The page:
About Jimmy Lee Fautheree
Rockabilly cat Jimmy Lee Fautheree was born April 11, 1934, in Smackover, Arkansas. At age 12 he received his first guitar, quickly becoming a disciple of Merle Travis' pioneering fingerpicked approach. His oilman father relocated the family to the Dallas area in 1946, and there a 16-year-old Fautheree made his professional debut on radio station KRLD's Big 'D' Jamboree showcase. His remarkable guitar prowess so impressed the crowd that he became a fixture of the program, and in 1951 graduated to Shreveport, LA, station KWKH's famed Louisiana Hayride. Immediately thereafter he signed to Capitol Records, which dubbed him Jimmy Lee for his debut single, "I Keep the Blues All the Time." Its raw, kinetic country sound, galvanized by Fautheree's slashing Telecaster, predates Elvis Presley's celebrated Sun sessions by a full three years, but the label possessed no idea how to sell the record and it quickly dropped from sight. Capitol nevertheless forged ahead with seven additional Jimmy Lee singles, highlighted by the self-penned "Go Ahead and Go," "Lips That Kiss So Sweetly (Can Lie So Easily)," and "I'm Diggin' a Hole to Bury My Heart," before terminating his contract in late 1952. Fautheree's Capitol sessions nevertheless represent a crucial development in country's evolution into rockabilly. No less an authority than guitar legend James Burton has cited his enormous influence on his own development as a player.
Following the conclusion of his Capitol tenure, Fautheree worked as a session guitarist, appearing on records including Faron Young's "Sweet Dreams" and Webb Pierce's "Teenage Boogie." In 1953, manager Tillman Franks paired his client with singer "Country" Johnny Mathis, and as Jimmy & Johnny the duo regularly appeared on Louisiana Hayride. Their 1954 Chess single "If You Don't, Somebody Else Will" cracked the country Top Ten, but soon after Fautheree dissolved the partnership to team with a new partner, Wayne Walker. Their collaboration sputtered to a halt after just four months, but thrived long enough to produce the 1955 Chess rockabilly cult favorite "Love Me." After splitting with Walker, Fautheree recruited his younger brother Lynn to form a new incarnation of Jimmy & Johnny. After signing to Decca, the siblings relocated to Nashville to cut the single "Living in a Dream World," but their tenure with the label proved brief and in 1957 they returned home to Dallas. Fautheree then resumed his solo career, in 1958 traveling to New Orleans to record the Vin label single "Baby It's Love" at producer Cosimo Matassa's legendary J&M Studio. Credited to the alias Johnny Angel, the single went nowhere and the follow-up, "Look What Love Will Do," restored the Jimmy Lee name to the label. Fautheree next reunited with Mathis, signing to Houston's D Records imprint for the duo's acknowledged classic, the booze-soaked anthem "I Can't Find the Door Knob."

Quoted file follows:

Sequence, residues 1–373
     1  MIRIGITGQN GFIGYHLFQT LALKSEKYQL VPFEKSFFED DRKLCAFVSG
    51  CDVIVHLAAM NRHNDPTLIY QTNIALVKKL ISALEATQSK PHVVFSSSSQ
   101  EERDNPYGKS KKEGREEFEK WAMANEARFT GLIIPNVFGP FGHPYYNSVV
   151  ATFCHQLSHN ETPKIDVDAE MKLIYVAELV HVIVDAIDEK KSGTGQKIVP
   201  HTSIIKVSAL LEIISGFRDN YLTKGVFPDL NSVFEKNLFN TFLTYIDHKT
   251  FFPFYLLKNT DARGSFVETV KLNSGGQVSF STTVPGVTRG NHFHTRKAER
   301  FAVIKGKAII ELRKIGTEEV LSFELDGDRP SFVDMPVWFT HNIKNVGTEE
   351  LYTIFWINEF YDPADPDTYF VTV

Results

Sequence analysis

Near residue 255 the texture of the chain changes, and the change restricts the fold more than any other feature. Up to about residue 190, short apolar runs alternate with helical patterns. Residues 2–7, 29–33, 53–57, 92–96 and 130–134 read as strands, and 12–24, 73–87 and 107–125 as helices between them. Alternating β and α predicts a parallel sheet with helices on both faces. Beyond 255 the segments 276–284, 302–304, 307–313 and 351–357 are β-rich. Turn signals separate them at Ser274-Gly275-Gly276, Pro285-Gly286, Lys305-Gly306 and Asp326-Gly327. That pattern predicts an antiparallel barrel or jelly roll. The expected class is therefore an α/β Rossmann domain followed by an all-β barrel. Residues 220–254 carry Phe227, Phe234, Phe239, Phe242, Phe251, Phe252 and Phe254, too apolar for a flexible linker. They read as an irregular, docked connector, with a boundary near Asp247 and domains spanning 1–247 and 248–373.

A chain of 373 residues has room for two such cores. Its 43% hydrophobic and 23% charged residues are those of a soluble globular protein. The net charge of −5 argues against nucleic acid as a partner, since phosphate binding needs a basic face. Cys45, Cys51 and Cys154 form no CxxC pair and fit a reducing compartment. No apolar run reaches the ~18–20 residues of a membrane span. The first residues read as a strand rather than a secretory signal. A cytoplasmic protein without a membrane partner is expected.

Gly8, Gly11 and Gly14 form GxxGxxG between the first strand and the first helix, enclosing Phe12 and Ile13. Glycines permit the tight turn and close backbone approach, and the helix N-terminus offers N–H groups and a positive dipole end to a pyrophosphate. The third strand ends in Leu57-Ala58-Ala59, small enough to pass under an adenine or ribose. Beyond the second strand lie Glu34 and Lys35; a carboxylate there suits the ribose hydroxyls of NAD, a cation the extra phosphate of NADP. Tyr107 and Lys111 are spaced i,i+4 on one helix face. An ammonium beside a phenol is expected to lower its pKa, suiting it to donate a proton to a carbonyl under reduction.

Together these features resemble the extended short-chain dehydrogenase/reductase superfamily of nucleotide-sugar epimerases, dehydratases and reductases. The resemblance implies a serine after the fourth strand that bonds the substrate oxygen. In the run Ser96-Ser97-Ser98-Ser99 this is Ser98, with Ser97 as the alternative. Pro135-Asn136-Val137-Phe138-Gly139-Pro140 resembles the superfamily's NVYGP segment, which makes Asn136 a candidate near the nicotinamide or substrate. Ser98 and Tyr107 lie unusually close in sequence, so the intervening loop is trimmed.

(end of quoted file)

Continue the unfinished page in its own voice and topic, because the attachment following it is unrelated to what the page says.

The partnership with Mathis again proved short-lived, however, and in 1959 Fautheree founded his own eponymous label to release the single "One Life to Live," credited to Jackie Fautheree for reasons unknown. As Jimmy Fautheree, he next resurfaced on the Paula label, re-recording (and misspelling) "I Can't Find the Door Nob" in 1960. "The Bells of Monterrey" soon followed, and after one final Paula effort, "Overdue," his stay at the label ended. Fautheree spent the remainder of the decade focusing on gospel music, for the tiny Lodema imprint cutting a series of singles including "The Laziest Man in the World," "Fellowship with Jesus," and "One Day Smiling." By the 1970s he was largely out of music altogether, working an asbestos removal job, but in 1995 made an unexpected comeback, reuniting with Mathis for the first time in 35 years and cutting the gospel-themed "It Won't Be Much Longer." In June 2003, Fautheree accepted an invitation to perform during a Louisiana Hayride reunion showcase, and with overseas interest in vintage rockabilly surging, he traveled to Europe in 2004 to headline a series of gigs, including the Sussex, England, Rockabilly Rave Show. Upon returning to the U.S., Fautheree teamed with Deke Dickerson & the Ecco-Fonics Band to cut a new CD, I Found the Doorknob. Soon after completing the album, however, he learned he was suffering from cancer, and after a brief battle with the disease died at his Dallas home on June 29, 2004. ~ Jason Ankeny, Rovi